Now let’s talk about the keynotes that took place throughout the CAST conference. Day 2 was comprised of two conferences. The opening keynote speaker was Nicholas Carr. He raised the subject about how humans have become far too dependent on automation. A plane crash is how Mr. Carr chose to illustrate his view. One small error in the pilot software can cause a pilot to go into a frenzy because the individual may not be fully capable of controlling the plane under certain stressful conditions. Conversely, his next point was about human error, “When our brain is overtaxed we find distractions more distracting”. In essence, Mr. Carr proposed a wise new division of labor that does not seek replacement but a partnership between humans and computers. The following keynote on that Tuesday was conducted by Anne Marie Charrett who presented ways to change testing environments; not the software or hardware aspect, if not the setting in which testers work. An interesting diagram was displayed during this presentation which laid out the fundamentals of this unique test management approach. The diagram seemed to consist of personality and action guidelines. The next day featured a keynote by Sallyann Freudenberg which had quite the impact with the audience. It addressed a pressing issue, employment for those with special needs in the IT field. Ms. Freudenberg started off by sharing that she found herself to be somewhere on the autistic spectrum. Perhaps the most impactful part of this keynote was when the signs and symptoms of autism were shown because it made the audience wonder about the possibility of being somewhere on the spectrum as well. It was also quite intriguing to hear about the qualities of an autistic perspective in IT, some of which included keenness for detail, a more spacial take on tasks, and the ability to complete repetitive tasks.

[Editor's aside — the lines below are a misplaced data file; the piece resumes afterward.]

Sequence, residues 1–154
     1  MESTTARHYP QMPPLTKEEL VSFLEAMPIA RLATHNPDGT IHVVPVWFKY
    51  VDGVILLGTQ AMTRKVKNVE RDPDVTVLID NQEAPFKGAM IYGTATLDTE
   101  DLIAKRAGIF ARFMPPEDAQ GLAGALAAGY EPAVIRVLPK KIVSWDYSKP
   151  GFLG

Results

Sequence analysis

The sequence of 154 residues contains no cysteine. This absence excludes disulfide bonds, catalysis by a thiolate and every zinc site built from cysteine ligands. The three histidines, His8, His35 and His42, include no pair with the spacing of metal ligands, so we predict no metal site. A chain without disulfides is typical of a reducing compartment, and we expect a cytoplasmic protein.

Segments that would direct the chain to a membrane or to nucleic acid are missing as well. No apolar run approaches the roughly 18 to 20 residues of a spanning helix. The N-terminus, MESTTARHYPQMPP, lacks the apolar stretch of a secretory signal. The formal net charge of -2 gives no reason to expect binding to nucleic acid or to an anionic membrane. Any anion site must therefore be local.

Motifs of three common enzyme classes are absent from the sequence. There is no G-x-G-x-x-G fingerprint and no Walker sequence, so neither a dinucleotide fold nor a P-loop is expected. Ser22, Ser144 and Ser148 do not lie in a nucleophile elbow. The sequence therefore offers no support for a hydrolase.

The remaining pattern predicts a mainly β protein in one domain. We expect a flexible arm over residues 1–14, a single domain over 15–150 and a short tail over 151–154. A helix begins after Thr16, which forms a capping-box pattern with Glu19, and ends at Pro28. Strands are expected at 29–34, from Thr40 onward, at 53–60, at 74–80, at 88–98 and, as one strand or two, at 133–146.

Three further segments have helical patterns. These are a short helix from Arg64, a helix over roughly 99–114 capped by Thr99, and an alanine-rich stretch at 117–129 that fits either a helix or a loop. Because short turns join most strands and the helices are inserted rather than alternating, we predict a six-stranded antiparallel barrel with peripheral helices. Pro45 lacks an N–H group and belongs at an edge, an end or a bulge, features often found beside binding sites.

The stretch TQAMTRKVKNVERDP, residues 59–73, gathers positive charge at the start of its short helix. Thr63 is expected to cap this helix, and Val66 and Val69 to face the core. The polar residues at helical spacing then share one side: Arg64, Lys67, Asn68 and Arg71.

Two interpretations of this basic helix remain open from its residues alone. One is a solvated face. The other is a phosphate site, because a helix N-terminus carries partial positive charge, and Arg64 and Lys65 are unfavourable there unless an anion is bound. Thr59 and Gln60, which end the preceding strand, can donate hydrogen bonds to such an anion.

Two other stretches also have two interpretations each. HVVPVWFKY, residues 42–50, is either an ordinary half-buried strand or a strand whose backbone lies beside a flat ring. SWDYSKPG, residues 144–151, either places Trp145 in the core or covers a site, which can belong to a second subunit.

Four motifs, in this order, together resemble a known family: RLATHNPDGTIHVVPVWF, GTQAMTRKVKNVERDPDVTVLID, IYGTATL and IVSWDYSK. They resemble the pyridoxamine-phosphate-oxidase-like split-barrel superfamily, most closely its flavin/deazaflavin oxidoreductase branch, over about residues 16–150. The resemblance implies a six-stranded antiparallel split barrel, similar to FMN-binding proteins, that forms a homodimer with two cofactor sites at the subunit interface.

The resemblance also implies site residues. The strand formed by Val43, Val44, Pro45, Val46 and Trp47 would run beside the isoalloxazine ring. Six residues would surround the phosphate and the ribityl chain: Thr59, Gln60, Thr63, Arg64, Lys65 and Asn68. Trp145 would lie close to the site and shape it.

Prior to the CAST conference, attendees were given the choice to create a schedule for the sessions they wanted to attend. As a novice conference-goer I decided upon an impromptu approach. Choosing between these sessions was rather difficult because it was as though I had been given a menu that only offered top-notch cuisine. “What developers taught me about testing” was the session that I thought was the most appealing out of the great lineup of sessions. Ms. Charrett spoke about how to open communication with developers in a seemingly hostile environment where everyone is obsessed with their work. She taught us how create a safety net by building up trust and relationships. This made me recall a quote by A. Den Heaver that she had referenced during her keynote which said, “When a flower doesn’t bloom you fix the environment in which it grows, not the flower”.